After three decades of immersion in the nonprofit culture, I occasionally allow myself to imagine what it would be like to start all over again. Assuming I were in the process of founding a new nonprofit I would have the authority to choose my own team! In this hypothetical, I could shape the mode of governance and select the participants I think would interface most effectively!
Here are some of the decisions I might make based on current realities:(more…)
Better Board Governance. Is it the same for both business & nonprofit organizations?
By: Eugene Fram Free Digital Photo
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Both BoardSource in 2015 and the Charted Global Management Accountant (CGMA) in 2012 have issued reports on improving board governance. The former group focuses on nonprofit boards and the latter focuses on business boards globally.* Both the nonprofit and business organization reports listed the following prime areas for board improvement or focus: The CGMA report called for improved strategy development & risk analysis; better boardroom behaviors; better relationships between board & management. The BoardSource report asked for improved focus on strategy, with much less emphasis on operations; more board commitment, engagement, & attendance; better self-assessment, recruitment & development.
Although the CGMA report does not differentiate the types (strategic vs. operational strategy) the “risk oversight” notation can indicate there is a need for greater board focus on long-term strategy. For nonprofit boards, the strategic side of planning is often neglected. There has been a decades-long board culture support for directors’ involvement in operational decisions, often leading to board micromanagement and less strategic interest.
What Role Should Directors Play in Over-viewing Nonprofit Management/Staff Talent?
Nonprofit boards rarely develop an in-depth strategy for assessing its organization’s human capitol. Some will keep informal tabs on the CEO’s direct reports to prepare for the possibility of his/her sudden departure or is incapacitated. Others –smaller organizations with fewer than 20 employees—need only a basic plan for such an occurrence.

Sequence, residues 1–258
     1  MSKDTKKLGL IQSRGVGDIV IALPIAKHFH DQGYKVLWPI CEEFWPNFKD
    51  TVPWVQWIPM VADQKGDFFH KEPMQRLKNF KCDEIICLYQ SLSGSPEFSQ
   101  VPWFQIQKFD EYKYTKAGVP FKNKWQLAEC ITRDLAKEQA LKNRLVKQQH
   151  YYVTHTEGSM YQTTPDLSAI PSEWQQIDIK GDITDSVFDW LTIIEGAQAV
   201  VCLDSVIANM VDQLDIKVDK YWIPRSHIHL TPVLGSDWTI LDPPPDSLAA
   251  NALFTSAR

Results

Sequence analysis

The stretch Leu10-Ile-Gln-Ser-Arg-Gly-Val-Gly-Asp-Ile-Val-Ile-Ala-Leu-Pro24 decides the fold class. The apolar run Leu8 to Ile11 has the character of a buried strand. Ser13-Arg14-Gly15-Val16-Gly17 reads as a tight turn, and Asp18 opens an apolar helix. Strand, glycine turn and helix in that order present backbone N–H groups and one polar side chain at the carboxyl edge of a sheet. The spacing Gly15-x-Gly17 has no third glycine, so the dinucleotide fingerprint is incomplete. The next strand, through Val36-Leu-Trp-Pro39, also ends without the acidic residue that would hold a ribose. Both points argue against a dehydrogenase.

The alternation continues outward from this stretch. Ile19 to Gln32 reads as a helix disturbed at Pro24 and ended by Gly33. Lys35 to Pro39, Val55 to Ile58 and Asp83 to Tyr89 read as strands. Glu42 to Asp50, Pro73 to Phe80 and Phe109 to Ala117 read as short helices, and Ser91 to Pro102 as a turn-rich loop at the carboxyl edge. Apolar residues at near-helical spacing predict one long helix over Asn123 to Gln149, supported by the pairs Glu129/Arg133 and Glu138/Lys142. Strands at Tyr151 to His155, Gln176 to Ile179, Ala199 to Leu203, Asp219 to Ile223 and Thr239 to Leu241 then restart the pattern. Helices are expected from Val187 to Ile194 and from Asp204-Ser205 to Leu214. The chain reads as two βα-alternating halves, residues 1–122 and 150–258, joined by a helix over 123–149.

Need for Strategy: In my view, maintaining a viable talent strategy to assess staff and management personnel is a board responsibility, albeit one that is often ignored. The latter stems from the constant turnover of nonprofit directors whose median term of service is 4 years—hardly a lifetime commitment. Like for-profit directors whose focus is on quarterly earning results, their nonprofit counterparts are more interested in resolving current problems than in building sufficient bench strength for the organization’s long-term sustainability. (more…)
Top Factors For Improving Nonprofit Directors’ Board Experiences
By: Eugene Fram
Spencer Stuart, an international placement firm, recently asked 500 directors who serve on for-profit boards to name the top factors that would reasonably improve their board experience. (http://bit.ly/1D14NFU) Their answers also resonate in the nonprofit arena. (more…)
How Competent Are Nonprofit Boards In Strategic Planning?
By: Eugene Fram
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“Unfortunately, boards of directors have no clear model to follow when it comes to developing the strategic roles that is best suited to the (organization) they oversee. … More importantly, the board must play a role that matches the strategic needs of the (nonprofit) and the state of its (mission’s) sector.” (http://bit.ly/16e4kT8) For both nonprofits and for-profits the strategic plan needs to be updated or revised every three to five years in a 21st century environment. (more…)
Peter Rinn, Breakthrough Solutions Group,* published a list of weak nonprofit board practices. Following are some of the items listed and my estimation of what can be done about them, based on my experiences as a nonprofit board director, board chair and consultant.
• Dumbing down board recruitment – trumpeting the benefits and not stressing the responsibilities of board membership. (more…)